By Mathew B. Tully
I have noticed that it has become extremely common to see stories about acts of animal cruelty in the news, with reports appearing almost every day. Given this alarming trend, we thought it would be helpful to do a show explaining what exactly constitutes as animal cruelty and what organizations are out there protecting those who cannot speak for themselves.
The definition of animal cruelty is any unnecessary infliction of physical pain, suffering or harm to an animal beyond normal discipline. Examples of acts of cruelty could be denying your animal proper veterinary care, leaving your pet in the sun for extended periods of time without adequate shelter, or withholding food and water. One common mistake I’ve seen pet owners make is leaving their pet in the car in high temperatures. It takes only a matter of minutes for temperatures to rise to sweltering degrees, and if something were to happen you could be charged with a Class A misdemeanor and be banned from owning animals for three to five years.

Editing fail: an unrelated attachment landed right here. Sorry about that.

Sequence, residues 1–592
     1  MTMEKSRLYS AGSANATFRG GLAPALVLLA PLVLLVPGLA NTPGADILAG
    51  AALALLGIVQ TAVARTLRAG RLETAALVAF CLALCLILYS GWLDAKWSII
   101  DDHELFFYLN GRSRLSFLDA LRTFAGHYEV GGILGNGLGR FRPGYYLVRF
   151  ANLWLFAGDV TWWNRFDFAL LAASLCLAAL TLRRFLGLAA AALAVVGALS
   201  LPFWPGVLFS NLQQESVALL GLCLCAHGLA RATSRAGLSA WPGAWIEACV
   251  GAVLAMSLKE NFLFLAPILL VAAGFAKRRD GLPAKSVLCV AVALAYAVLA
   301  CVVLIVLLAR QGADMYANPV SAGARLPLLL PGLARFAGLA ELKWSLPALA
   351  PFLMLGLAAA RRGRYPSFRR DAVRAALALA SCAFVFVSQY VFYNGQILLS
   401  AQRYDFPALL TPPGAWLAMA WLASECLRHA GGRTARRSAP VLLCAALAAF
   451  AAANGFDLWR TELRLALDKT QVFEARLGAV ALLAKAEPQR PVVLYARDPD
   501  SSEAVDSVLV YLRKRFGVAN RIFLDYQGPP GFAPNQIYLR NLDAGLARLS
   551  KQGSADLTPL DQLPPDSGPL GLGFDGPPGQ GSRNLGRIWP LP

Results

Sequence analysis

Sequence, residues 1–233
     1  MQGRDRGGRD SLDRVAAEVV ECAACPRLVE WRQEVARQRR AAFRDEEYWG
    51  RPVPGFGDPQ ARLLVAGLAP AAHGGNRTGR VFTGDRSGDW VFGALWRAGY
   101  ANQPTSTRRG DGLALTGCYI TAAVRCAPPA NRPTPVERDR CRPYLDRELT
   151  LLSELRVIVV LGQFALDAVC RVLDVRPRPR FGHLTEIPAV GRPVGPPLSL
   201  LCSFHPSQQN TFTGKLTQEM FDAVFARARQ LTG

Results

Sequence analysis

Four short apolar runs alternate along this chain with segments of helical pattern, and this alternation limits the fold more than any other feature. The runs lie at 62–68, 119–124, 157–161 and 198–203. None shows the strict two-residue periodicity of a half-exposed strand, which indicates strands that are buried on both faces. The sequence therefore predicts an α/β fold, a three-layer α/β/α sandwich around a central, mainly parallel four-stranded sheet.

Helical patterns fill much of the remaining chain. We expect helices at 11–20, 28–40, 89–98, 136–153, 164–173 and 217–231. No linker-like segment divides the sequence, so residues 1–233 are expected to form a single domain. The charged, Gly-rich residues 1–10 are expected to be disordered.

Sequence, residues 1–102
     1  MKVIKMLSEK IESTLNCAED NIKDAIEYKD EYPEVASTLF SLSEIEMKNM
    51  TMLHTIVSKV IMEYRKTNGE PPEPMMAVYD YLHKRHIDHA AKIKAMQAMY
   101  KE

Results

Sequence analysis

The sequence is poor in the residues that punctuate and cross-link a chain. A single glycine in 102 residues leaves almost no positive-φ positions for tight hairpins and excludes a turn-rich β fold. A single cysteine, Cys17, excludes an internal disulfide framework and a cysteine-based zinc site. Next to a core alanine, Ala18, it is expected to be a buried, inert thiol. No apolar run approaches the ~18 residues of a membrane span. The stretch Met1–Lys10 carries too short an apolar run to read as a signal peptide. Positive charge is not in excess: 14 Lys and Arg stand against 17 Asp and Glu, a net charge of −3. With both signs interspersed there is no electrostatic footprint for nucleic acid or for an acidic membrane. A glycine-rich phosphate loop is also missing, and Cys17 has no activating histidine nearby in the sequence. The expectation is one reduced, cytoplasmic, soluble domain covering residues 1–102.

Check this out to find more information on New York State animal cruelty laws.
Detecting and reporting acts of cruelty are the two most important steps in bringing animal cruelty to an end. Your local Society for the Prevention of Cruelty to Animals (SPCA) or humane society will have an emergency hotline- a number to call to make a complaint- which Peace Officers will then investigate. Because police departments are swamped as it is, SPCA Peace Officers take on the role of a nonprofit law organization whose main mission is to help animals.
Visit the Schenectady County SPCA website to learn more on how to detect and report acts of cruelty.
On a lighter note, we also got the chance to discuss the increasingly popular trend of setting up trusts for your pet. The most famous example is that of Leona Helmsley leaving over $10 million to her dog. She even went as far as to arrange for grief counseling for the pet! While some find this utterly ridiculous, many animal lovers are taking steps to ensure their pet will be taken care of when they are no longer around, just as they would with any other family member.